Andy, Google Adwords are not the same as a "Paid Links" in this context. Adwords ads do not pass along and link juice, PR, etc...

Hugo - I realize that...but take one step further. I can't buy relevant small text ads on other sites that may move me up in Google organic results, but I am ALWAYS welcome to do the altrnative - Which is - for the right ever increasing price - to pay Google for small text ads to show up NEXT to the organic results I can't show up in - because I am a commercial site selling products that no one really has a reason to editorially link to... I can't believe no thinks there is connection between this policy and that fact...

Andy; Your comparison does not hold any water.. sorry. You claim that Google is in it for the money.. well duh? Of course that is true. Isn't your website in it for the money as well, and are not buying that text link for the money? Of course you are.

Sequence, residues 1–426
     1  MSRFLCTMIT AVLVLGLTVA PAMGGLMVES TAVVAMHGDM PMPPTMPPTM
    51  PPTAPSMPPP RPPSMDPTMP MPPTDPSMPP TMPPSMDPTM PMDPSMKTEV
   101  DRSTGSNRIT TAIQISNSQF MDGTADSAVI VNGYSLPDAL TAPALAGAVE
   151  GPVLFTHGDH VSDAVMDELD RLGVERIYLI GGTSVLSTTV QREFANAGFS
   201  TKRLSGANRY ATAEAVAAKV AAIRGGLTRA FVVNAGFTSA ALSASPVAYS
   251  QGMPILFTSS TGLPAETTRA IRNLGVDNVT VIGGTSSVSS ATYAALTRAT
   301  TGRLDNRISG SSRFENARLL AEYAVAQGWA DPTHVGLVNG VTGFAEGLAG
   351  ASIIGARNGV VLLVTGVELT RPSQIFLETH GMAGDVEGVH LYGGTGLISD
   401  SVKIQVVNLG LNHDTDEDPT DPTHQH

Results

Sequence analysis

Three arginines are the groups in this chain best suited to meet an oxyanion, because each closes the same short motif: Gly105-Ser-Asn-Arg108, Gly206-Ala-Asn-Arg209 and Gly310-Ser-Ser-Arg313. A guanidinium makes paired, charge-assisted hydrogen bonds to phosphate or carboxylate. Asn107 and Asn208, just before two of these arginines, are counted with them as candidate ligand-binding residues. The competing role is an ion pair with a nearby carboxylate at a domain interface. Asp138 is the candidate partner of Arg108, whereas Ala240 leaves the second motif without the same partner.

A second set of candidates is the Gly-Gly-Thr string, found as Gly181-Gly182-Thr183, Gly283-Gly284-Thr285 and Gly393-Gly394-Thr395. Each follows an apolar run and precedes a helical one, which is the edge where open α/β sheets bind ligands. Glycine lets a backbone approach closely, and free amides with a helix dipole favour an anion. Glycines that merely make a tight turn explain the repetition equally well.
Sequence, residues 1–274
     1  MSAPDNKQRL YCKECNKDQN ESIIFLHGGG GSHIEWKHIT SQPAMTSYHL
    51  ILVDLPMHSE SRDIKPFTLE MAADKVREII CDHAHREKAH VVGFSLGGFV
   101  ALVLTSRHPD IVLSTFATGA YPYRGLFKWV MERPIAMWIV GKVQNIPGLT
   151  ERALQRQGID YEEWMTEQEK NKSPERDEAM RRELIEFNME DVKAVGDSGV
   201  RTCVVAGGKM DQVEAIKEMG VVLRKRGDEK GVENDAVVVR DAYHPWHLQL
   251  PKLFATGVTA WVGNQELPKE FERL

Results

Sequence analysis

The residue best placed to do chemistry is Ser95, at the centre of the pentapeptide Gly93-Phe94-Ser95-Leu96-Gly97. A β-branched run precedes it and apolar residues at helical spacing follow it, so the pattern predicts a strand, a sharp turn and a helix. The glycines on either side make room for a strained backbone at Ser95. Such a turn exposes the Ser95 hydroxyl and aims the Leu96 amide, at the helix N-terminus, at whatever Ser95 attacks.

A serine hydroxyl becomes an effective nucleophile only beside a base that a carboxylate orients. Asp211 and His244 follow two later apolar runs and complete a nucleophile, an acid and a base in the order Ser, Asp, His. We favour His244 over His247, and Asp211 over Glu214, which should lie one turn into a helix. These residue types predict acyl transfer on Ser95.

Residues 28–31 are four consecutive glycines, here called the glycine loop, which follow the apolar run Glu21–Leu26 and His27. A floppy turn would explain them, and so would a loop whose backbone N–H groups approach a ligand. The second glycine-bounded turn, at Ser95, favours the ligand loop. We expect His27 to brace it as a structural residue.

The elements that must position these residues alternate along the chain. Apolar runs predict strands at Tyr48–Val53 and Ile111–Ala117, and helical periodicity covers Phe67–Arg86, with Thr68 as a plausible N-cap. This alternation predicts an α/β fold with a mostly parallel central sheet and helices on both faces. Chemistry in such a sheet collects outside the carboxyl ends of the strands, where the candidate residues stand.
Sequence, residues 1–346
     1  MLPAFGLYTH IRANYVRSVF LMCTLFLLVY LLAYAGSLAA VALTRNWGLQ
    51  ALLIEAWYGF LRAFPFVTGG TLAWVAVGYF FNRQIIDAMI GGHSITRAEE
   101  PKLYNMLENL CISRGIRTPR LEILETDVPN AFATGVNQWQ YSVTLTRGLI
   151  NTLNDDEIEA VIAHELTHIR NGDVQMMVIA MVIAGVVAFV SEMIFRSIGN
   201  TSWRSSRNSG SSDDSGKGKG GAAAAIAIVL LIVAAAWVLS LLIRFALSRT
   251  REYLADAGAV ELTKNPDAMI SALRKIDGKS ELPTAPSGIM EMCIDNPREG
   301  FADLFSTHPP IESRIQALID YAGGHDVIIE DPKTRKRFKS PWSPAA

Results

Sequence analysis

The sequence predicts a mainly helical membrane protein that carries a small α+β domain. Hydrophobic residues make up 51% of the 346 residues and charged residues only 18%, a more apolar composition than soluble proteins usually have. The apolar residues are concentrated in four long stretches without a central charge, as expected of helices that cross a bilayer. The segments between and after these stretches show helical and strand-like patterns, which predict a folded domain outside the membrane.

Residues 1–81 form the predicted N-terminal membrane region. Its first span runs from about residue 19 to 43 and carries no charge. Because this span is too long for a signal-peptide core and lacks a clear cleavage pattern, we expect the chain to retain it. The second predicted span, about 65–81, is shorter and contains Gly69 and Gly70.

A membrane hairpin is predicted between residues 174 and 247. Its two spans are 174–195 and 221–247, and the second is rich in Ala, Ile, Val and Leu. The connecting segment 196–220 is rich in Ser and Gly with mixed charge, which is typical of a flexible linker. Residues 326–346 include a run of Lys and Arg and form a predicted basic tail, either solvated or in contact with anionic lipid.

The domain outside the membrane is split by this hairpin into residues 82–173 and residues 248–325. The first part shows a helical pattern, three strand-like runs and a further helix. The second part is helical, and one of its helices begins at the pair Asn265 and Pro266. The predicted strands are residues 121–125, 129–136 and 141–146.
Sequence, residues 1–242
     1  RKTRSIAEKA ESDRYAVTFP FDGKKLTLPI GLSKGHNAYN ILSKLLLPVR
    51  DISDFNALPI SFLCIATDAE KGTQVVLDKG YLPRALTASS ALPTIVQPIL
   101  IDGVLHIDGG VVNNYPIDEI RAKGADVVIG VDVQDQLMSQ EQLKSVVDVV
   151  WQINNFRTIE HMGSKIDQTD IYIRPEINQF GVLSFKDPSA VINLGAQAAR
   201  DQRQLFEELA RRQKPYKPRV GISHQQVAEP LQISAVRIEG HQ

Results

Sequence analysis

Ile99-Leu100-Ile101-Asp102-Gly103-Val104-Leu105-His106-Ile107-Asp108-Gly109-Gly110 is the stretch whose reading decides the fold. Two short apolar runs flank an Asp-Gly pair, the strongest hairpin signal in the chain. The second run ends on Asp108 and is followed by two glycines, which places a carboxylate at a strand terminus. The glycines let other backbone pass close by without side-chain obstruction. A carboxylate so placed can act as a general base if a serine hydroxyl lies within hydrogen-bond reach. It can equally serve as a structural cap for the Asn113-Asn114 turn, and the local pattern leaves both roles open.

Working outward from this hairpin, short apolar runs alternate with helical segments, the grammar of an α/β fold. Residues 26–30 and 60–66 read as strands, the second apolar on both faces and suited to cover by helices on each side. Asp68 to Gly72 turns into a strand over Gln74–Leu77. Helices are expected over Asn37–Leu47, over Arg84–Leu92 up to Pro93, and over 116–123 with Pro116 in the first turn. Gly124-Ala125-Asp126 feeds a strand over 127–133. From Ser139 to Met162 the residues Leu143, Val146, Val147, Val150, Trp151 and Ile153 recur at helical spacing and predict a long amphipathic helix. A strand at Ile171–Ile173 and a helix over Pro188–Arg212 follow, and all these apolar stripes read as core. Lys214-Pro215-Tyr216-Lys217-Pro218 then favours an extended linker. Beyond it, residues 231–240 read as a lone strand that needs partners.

This debate is truly silly. I wonder why NO ONE out there said one word to Google or Matt Cutts when you clearly stated TWO years ago in his blog that Google is seeking out "paid links" and will NOT give them value when they find them? So where was this SEO industry two years ago, huh? I could have told ALL of you 4 years ago about all of this,... and did so many, many times then, and have done so since then.

I feel the industry is about 3 steps behind. :-)

"I could have told ALL of you 4 years ago about all of this,... and did so many, many times then, and have done so since then."

Only four years ago Doug?

I seem to recall it being five (maybe more) years ago that Bob Massa had that point publicly proven...

What we need is a private NON-profit company to provide a Search Engine. Somebody made Craigslist famous. Someone can do the same for a search engine.